Wanted: a new John Birt for the BBC

I never thought I’d write this but John Birt is the kind of figure the BBC now needs to steady the ship. In 1987 the BBC faced a similar if slower burning crisis. The DG Alasdair Milne never recovered from the row in 1985 over Real Lives: On the Edge of the Union, a network documentary that depicted the then Derry IRA boss Martin McGuinness not as a red in tooth and claw monster but as a man capable of leading an ordinary domestic life (surprise, surprise) , not unlike Gregory Campbell  a militant DUP man who owned a personal protection weapon but was not a terrorist.  It may have been too subtle or value free a  thesis for the era, following the hunger strike and the Brighton bomb. These dire events following  the assassination of her close associate Airey Neave  just before she took office fuelled Mrs Thatcher’s visceral hatred of the IRA and her suspicion, maybe loathing, of the BBC.  Her dislike had also been stoked by the BBC’s fair reporting of the Falklands war in 1982. But Thatcher’s hostility was only the most critical in a long line dating back at least to the 1950s.

Nothing like this standoff over “Britain at war”  whether against the Argentinians and the IRA exists today. The government is not in confrontation with the BBC, as it was then and later over the Hutton agenda, so we can be thankful for such mercies.

I don’t pretend to know the detail of the present crisis yet. But the problems lie in the gap between the BBC’s necessary and commendable culture of delegating the creative initiative to the programme makers and the system of advice and referral – and intervention – to protect them, the institution and not least the output.

The BBC has procedures for getting programmes safely on air.  These could hardly be more prescriptive but over the Newsnight McAlpine slur they unaccountably collapsed. For those interested there are some parallels with the RTE Prime Time “A Mission to Prey” crisis last year. But over  the earlier pulling of the the Saville story  the guidelines  didn’t apply. There aren’t formal procedures for keeping a story going if the editor wants to drop it.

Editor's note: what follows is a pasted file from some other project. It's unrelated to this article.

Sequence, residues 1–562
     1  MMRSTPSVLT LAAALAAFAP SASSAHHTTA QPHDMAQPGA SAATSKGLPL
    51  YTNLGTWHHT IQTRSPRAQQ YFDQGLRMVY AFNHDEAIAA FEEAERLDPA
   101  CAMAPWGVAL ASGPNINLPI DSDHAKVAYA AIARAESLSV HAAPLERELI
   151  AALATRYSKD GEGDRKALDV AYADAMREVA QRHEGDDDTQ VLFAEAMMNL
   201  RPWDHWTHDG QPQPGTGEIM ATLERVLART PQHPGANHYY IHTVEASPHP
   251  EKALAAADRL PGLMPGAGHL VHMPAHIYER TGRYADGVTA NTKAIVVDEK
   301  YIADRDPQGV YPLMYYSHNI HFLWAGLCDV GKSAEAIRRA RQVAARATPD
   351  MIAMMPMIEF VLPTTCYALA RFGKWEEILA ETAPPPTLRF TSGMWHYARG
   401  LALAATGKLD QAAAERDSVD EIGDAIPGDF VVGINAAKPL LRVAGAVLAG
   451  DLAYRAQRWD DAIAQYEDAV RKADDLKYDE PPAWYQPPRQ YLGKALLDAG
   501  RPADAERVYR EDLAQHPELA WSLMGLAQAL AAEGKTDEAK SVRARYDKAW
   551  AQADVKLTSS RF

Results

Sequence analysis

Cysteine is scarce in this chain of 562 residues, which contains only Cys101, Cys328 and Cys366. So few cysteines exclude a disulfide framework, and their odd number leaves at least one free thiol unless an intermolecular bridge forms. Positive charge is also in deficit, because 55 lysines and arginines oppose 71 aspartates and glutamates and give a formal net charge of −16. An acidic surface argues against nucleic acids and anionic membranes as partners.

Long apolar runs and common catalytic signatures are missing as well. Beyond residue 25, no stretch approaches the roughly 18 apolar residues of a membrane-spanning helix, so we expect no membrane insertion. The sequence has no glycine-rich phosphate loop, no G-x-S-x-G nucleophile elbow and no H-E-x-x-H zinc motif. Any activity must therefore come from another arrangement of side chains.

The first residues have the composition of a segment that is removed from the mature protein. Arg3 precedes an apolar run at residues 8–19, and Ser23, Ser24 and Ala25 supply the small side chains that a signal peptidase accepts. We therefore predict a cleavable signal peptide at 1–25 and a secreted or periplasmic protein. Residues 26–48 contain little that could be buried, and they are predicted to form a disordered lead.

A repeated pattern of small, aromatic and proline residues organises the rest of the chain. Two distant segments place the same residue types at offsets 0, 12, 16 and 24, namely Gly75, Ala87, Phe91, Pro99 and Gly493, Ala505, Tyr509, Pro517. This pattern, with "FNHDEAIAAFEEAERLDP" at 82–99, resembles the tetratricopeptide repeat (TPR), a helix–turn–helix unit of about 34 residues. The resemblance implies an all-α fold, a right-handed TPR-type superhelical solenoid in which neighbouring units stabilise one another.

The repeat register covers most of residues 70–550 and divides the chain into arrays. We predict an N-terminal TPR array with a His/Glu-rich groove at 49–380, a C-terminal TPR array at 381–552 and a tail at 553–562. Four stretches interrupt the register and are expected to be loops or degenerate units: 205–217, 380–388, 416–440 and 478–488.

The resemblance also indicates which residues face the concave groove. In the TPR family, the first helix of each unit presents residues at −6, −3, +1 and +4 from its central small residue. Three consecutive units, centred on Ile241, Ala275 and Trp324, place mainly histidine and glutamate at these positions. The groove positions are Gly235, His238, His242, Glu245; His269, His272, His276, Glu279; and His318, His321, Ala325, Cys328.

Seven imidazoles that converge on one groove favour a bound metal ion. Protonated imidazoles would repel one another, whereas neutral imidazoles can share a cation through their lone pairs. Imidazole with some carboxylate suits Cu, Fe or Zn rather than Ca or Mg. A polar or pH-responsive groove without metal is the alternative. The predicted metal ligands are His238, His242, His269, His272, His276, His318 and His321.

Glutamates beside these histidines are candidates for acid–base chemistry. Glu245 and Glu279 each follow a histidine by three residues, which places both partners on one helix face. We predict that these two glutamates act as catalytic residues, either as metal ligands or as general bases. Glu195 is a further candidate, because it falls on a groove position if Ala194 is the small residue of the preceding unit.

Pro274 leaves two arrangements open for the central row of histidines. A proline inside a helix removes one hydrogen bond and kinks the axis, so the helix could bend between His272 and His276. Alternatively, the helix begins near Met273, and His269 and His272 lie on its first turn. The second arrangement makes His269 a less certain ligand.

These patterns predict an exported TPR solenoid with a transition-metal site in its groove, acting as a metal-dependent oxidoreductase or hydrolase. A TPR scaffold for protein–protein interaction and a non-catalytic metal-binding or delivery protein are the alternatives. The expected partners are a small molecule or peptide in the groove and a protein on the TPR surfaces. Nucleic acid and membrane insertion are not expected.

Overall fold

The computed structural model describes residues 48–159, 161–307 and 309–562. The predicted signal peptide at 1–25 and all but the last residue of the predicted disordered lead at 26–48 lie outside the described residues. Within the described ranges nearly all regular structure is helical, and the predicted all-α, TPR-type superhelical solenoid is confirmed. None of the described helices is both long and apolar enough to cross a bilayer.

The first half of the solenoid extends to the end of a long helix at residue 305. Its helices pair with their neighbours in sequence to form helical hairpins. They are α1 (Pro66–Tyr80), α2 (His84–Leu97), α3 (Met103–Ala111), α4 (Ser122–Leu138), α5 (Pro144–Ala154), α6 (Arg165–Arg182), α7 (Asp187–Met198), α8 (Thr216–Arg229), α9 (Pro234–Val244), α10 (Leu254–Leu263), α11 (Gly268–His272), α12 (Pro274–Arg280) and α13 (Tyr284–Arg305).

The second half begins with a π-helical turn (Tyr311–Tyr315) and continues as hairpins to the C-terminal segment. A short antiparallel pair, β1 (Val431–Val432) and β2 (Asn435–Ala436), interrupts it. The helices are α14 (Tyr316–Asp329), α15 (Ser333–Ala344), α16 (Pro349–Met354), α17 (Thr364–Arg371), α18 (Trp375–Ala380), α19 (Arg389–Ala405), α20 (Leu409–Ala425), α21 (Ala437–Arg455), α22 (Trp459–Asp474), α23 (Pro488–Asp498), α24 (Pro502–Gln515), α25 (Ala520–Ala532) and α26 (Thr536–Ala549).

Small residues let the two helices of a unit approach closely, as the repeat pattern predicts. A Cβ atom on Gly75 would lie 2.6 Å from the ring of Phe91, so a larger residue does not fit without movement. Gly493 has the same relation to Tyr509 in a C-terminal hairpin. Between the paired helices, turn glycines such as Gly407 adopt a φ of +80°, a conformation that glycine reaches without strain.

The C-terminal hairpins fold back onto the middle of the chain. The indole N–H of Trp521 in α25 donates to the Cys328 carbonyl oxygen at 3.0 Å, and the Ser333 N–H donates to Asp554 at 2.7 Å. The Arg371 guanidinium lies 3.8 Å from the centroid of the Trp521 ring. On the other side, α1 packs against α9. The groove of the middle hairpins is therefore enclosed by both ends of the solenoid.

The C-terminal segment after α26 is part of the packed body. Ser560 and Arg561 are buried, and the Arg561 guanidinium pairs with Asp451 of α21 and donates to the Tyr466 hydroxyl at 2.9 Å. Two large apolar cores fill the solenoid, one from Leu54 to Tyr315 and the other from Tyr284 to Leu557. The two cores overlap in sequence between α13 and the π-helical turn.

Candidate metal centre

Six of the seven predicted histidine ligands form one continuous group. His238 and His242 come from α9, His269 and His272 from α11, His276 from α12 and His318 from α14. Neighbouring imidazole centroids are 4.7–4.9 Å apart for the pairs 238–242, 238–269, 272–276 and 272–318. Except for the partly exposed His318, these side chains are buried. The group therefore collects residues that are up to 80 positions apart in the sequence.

And yet too punctilious observance of procedure  combined with a lack of  mutual confidence along the editorial chain seems to have produced the confusion that led to a double crisis. The second crisis if anything is more worrying. Tainted by the first, the regular editorial management had stood aside from decisions connected to the  expanding waves of the Saville story. Experienced substitutes replaced them. And yet the most elementary mistakes were made, perhaps to overcompensate for the first.   Many of the BBC’s editorial leaders are now compromised.

What can be done? When Milne was fired in 1987 he was replaced by a BBC lifer, not a programme maker but the accountant Mike Checkland who formally remained editor in chief. This jaundiced account gives a flavour of the critical reaction and context.  John Birt from ITV was appointed deputy DG and head of News. Making him DG in one was reckoned a step too far but the succession was his to lose. Birt set about gradually amalgamating the warring baronies of News and Current Affairs , and introducing a far more intense system of editorial commissioning  referral and scrutiny. Many of us feared that over centralised direction would damage the culture and the institution.

As Peter Bazalgette’s review of his memoirs says , Birt may have lacked charm but was a control freak in order to impose a better system on an organisation which was  too big for even him to dominate. He may have saved the BBC from itself and very tellingly reduced the BBC’s exposure to government hostility.  For historians it was like a move from the Wars of the Roses to the Tudor State.

While there are always arguments over editorial courage and creative originality, the Birt legacy can clearly be seen as positive overall. Perhaps his most distinctive ability was to drill down in detail and come up with a result. Birt would never have allowed at least part 2 of this crisis to happen.The lesson I’m afraid is that the need for reform is always constant

BBC management jobs may seem bewildering  even for a £5 billion turnover but the referral system is not  cumbersome. There may be too many bosses but many exist because of the requirements of commercial compliance, as the BBC is obliged to commission more and more programmes from the commercial sector. This applies less to News.  In this case the self denying ordinance of management against undue interference was carried on to suicidal lengths.